THE DRAWINGS

FIG. 1 is a fragmentary perspective view of a connector receptacle in accordance with the invention mounted on a printed circuit board and showing a connector plug positioned for insertion into the receptacle.

FIG. 2 is a sectional side view of the connector receptacle.

FIG. 3 is a top plan view of the connector receptacle.

FIG. 4 is a front view of the connector receptacle.

FIG. 5 is a view taken along the lines 5--5 of FIG. 4.

FIG. 6 is a fragmentary transverse cross-sectional view showing the manner in which the terminals in the connector plug contact the conductors in the connector receptacle.

FIG. 7 is a plan view of a portion of a sheet metal strip illustrating the stamping and forming of conductor strip for the practice of the invention.

FIG. 8 shows the profile of the end of the strip.

FIG. 9 is a cross-sectional view similar to FIG. 2, but showing the conductors immediately after insertion into the housing and prior to final forming.

FIG. 10 is a fragmentary view of an alternative embodiment.

FIG. 11 is a view taken along the lines 11--11 of FIG. 10.

DISCLOSED EMBODIMENT

As shown in FIG. 1, the connector receptacle 2 in accordance with the invention is adapted to receive a plug 4 and serves to connect conductors in a cable 6 extending to the plug to conductors 7 on the underside 8 of a printed circuit board 10. The receptacle 2 comprises an insulating housing 12 of suitable plastic material, such as a filled nylon, having a rearward end 14, a plug-receiving end 16, and a plug-receiving opening 18 extending through the housing and between the ends. The opening 18 has upper and lower (as viewed in the drawing) internal sidewalls 20, 22 and internal endwalls 24, 26. The housing has external sidewalls 28, 30, external endwalls 32, 34, and support feet 36 which extend outwardly from the external endwalls 32, 34. These support feet are provided with locking lugs 37 on their undersides which are dimensioned to be received in holes in the circuit board 10 to retain the housing on the circuit board prior to soldering of the conductors in the housing to the conductors of the circuit board. The external sidewall 30 is supported above the surface of the board by the feet 36 to facilitate the soldering operation.

A conductor-receiving opening 40 extends through the housing parallel to, and adjacent to, the plug-receiving opening 18 and between the internal sidewall 22 and the adjacent external sidewall 30. This conductor-receiving opening extends rearwardly through a recessed surface 42 which is below the portion 41 of the plug-receiving end which is adjacent to the internal sidewall 22. The entrance to opening 40 in surface 42 is of restricted width and the sides of the opening 40 diverge as shown at 44. The divergent portion of the opening merges with a wide portion 46 which extends to the rearward end 14 of the housing. The entrance 48 at this rearward end is enlarged, as shown in FIG. 2, to facilitate assembling of the conductors to the housing, as will be described below.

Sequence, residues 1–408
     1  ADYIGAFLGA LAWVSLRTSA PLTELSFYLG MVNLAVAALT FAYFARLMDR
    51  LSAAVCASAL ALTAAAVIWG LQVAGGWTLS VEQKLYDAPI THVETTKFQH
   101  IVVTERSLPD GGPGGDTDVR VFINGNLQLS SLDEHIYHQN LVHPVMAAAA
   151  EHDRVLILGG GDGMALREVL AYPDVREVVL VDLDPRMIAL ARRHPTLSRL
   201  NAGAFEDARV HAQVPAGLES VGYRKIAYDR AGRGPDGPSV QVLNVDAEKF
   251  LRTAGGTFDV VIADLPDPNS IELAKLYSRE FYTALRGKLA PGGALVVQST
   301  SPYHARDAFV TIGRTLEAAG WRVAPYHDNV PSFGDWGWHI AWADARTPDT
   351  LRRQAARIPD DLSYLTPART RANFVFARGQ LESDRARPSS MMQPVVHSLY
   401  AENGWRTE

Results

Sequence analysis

A downwardly inclined ramp 50 extends from a rearward entrance 48 of the opening 40 to the upper surface 52 of the previously identified apron 38 and spaced-apart barriers 54 are provided on the ramp and on this surface to define separate stalls for each of the conductors in the housing. Additionally, spaced-apart notches 56 extend inwardly from the rearward edge 58 of the opening which notches receive the conductors with an interference fit, as will also be described below.

The conductors 60 each comprise an intermediate portion 62 which is contained in the conductor-receiving opening with a force fit provided by dimples 64 on these portions of the conductors. Adjacent to the mating end of the housing, each conductor is reversely bent, as shown at 66, the bent portions being received in spaced-apart notches 70 extending inwardly from the surface portions 41 of the plug-receiving end 16. The first end portions 68 of the conductors extend obliquely from the internal sidewall 22 into the opening 16 and serve as contact springs which are deflected by the plug when the plug is inserted into the opening 16.

The second end portions 72 of the conductors extend downwardly over the ramp 50 as shown, and across the adjacent surface 52 of the apron and downwardly, as shown at 76, through the notches 56. The notches are V-shaped, as shown, and are dimensioned to receive the conductors with an interference fit securely to anchor these ends of the conductors to the housing while the barriers 54 prevent lateral movement of the conductors towards or away from each other. The tip portions of the conductors extend downwardly beyond the sidewall 30 and are soldered at 80 to the conductors on the underside of the circuit board. Enlarged segments 78 which are provided on the conductors beneath the apron further contribute to the stability of the conductors on the housing.